One evening, pulling the sleeping Dimmesdale's vestment aside, Chillingworth sees a symbol that represents his shame on the minister's pale chest. Mistress Hibbins has been suspected of being a witch. Pearl and the forest go hand in hand. Pluck up a spirit, and do not be all the time sighing and murmuring! After Hawthorne was relieved of his job in the Salem Custom House, he fell into a depression. The Concord Quartet: Alcott, Emerson, Hawthorne, Thoreau, and the Friendship That Freed the American Mind.
It is unruly and overgrown, a foil for the apparent perfect of the ordered society. Hester doesn't conform and she suffers the consequences: the townspeople punish, shun, and humiliate her. This flitting cheerfulness was always at the further extremity of some long vista through the forest. Even though it is for a short period of time, the forest gives her the audacity to be herself again. The fact that he lives in the forest shows the Puritan's view of the forest as a land of sin. The story of the Black Man represents a sense of superstition and true temptation in the novel. The forests of colonial New England seemed to them to have stretched endlessly into the distance; forests were the domain of natives and savages.
Characters Hester is the public sinner who demonstrates the effect of punishment on sensitivity and human nature. New York: American Heritage Publishing Company, Inc. Hester Prynne bears the label of the letter upon her chest. She has stitched a large scarlet A onto her dress with gold thread, giving the letter an air of elegance. Dimmesdale exhibited no symptom of positive and vivacious suffering, except that, as little Pearl had remarked, he kept his hand over his heart. The word Black man is used once again by Mistress Hibbins in chapter 8.
Dimmesdale's inner struggle is intense, and he struggles to do the right thing. A symbol that is present throughout the novel is the scaffold. The objects that had made a shadow hitherto, embodied the brightness now. The Church and State are ubiquitous forces to contend with in this colony, as Hester finds out to her dismay. Hester regards it as a constant reminder of her sin. At the beginning of her punishment, Hester still acquires much of her beauty. Unfortunately, the puritans were not allowed this type of expression.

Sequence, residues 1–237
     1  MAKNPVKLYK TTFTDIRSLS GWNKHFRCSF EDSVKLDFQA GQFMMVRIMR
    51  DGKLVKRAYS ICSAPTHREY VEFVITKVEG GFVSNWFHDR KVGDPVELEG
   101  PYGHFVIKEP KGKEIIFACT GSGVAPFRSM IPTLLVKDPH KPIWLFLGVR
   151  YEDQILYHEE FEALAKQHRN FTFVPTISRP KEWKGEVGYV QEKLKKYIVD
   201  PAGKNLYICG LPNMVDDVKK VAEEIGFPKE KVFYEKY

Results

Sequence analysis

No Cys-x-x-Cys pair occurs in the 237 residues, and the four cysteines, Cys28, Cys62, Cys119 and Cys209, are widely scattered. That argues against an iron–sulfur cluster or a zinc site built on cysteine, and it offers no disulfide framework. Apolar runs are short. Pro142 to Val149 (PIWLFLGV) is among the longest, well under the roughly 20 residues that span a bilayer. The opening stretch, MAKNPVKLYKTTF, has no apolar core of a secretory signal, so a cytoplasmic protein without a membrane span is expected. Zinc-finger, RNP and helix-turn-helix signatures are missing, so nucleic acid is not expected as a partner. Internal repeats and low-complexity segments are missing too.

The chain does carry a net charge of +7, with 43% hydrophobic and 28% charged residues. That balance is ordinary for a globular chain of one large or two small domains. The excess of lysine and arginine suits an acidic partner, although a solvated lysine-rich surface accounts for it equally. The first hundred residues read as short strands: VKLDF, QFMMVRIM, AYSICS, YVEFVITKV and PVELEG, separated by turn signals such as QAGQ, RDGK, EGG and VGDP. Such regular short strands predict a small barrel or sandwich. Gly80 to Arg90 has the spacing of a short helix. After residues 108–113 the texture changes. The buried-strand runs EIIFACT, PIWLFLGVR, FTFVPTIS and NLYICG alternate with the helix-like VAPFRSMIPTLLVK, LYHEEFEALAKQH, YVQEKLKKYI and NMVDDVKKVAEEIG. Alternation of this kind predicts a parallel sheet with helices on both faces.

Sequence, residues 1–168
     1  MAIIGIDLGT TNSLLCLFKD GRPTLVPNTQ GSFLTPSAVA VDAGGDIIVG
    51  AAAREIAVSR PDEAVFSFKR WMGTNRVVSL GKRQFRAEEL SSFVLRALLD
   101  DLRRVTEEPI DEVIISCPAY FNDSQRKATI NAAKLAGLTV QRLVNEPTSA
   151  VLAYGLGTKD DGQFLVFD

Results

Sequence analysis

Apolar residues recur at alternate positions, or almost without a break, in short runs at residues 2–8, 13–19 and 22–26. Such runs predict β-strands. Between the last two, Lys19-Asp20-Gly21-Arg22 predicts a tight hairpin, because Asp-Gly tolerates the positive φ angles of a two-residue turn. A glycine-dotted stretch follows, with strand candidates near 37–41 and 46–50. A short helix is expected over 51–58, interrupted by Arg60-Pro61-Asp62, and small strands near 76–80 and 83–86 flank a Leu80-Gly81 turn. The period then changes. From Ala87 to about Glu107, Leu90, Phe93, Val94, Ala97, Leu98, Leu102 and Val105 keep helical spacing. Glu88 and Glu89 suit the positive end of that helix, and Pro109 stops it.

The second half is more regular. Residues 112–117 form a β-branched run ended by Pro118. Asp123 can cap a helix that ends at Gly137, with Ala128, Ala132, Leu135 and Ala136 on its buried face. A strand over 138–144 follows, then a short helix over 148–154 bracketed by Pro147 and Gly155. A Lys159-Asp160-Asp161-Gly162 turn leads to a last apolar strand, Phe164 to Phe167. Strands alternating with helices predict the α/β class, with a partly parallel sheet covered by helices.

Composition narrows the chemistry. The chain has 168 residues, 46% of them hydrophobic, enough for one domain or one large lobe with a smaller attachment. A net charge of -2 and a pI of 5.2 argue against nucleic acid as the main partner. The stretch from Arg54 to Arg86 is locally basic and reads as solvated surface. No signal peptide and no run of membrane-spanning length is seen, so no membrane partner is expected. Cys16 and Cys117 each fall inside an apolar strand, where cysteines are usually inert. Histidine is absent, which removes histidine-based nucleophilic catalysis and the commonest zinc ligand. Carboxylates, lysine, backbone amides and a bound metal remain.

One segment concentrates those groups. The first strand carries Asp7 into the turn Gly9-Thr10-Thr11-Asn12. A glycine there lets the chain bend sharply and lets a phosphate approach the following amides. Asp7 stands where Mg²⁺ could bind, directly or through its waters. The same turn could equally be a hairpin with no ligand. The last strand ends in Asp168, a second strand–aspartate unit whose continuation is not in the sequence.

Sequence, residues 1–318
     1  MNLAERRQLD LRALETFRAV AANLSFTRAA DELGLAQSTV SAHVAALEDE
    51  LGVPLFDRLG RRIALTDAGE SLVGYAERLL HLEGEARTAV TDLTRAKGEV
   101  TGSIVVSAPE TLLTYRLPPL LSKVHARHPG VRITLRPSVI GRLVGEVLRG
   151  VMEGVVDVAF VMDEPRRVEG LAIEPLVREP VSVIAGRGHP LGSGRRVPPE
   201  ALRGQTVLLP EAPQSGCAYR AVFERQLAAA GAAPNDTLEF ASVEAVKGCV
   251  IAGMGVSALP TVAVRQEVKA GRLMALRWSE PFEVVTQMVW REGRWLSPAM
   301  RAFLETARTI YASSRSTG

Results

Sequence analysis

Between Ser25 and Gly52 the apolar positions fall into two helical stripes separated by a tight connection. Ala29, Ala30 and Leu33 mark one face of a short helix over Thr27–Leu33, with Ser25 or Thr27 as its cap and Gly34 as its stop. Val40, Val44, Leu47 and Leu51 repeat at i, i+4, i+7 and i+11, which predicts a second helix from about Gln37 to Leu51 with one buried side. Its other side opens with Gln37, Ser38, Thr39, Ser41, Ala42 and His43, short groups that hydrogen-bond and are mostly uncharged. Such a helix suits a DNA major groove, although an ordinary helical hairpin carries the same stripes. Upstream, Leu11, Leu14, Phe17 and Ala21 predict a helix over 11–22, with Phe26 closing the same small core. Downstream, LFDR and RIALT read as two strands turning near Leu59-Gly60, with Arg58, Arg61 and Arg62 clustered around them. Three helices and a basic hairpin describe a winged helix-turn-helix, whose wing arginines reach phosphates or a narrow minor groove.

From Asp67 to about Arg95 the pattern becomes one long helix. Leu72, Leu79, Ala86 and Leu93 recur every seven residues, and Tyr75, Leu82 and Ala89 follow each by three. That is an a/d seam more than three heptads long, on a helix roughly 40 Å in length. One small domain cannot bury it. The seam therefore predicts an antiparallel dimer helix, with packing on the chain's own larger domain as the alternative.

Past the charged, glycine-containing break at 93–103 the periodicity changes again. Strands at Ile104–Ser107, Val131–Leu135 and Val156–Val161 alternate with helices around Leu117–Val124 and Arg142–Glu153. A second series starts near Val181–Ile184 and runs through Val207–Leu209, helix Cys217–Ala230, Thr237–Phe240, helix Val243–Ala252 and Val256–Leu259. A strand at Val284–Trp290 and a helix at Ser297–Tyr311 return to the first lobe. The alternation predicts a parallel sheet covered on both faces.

Talking in this way, they walked deep enough into the wood to be invisible to any causal passerby along the forest path. Thus, the forest was viewed with mistrust and suspicion; even Hester did not know what it harbored while she talked with Dimmesdale. But you sure can visit every once in a while. The great scene of grief, in which the wild infant bore a part, had developed all her sympathies; and as her tears fell upon her father's cheek, they were the pledge that she would grow up amid human joy and sorrow, nor for ever do battle with the world, but be a woman in it. In the forest, Pearl can be as bright and joyful as she wishes because the forest acknowledges her for who she is- a moody, curious, care-free, innocent, and intuitive child who also happens to be a social outcast. The first encounter with the forest we have symbolizes just some of the evil that lingers within the darkness of the forest. In The Scarlet Letter written by Nathaniel Hawthorne, he uses the main character, Hester Prynne, as a representation of the Puritan society by using symbolism in two ways: the scarlet letter itself and the forest.
From the very beginning, she is not willing to let it dictate the terms of her punishment. In 1848 Hawthorne was relieved of his job due to his political ties. Arthur Dimmesdale and is forced to wear a scarlet letter upon her bosom. On the night that Dimmesdale stands on the scaffold with Hester and Pearl, a huge letter A appears in the sky. Hester starts out as a young woman with a new baby as evidence of her adulterous affair with Arthur Dimmesdale, minister of Boston. She pesters not only Hester, but Dimmesdale, whom she recognizes as being guilty of the same crime as her mother. In the forest, many pivotal characters can bring forth hidden emotions and thoughts.
Words: 1504 - Pages: 7. Sin and its acknowledgment humanize Dimmesdale. Random House: New York, 2003: 217. If life on the town is all surface and appearance and rules, then life in the forest is all depth and emotion. Three other significant symbols are the scaffold, the sun, and the forest. These scaffolds motivate and enable those standing on them to stay on task and purpose.
It represents the sin of the person standing upon it and it shows the Puritan way of dealing with sin. Words: 999 - Pages: 4. She wanted—what some people want throughout life—a grief that should deeply touch her, and thus humanise and make her capable of sympathy. Pearl obviously fit in with natural things. Throughout the novel The Scarlet Letter, Nathaniel Hawthorne uses several key symbols to represent the major themes in the book.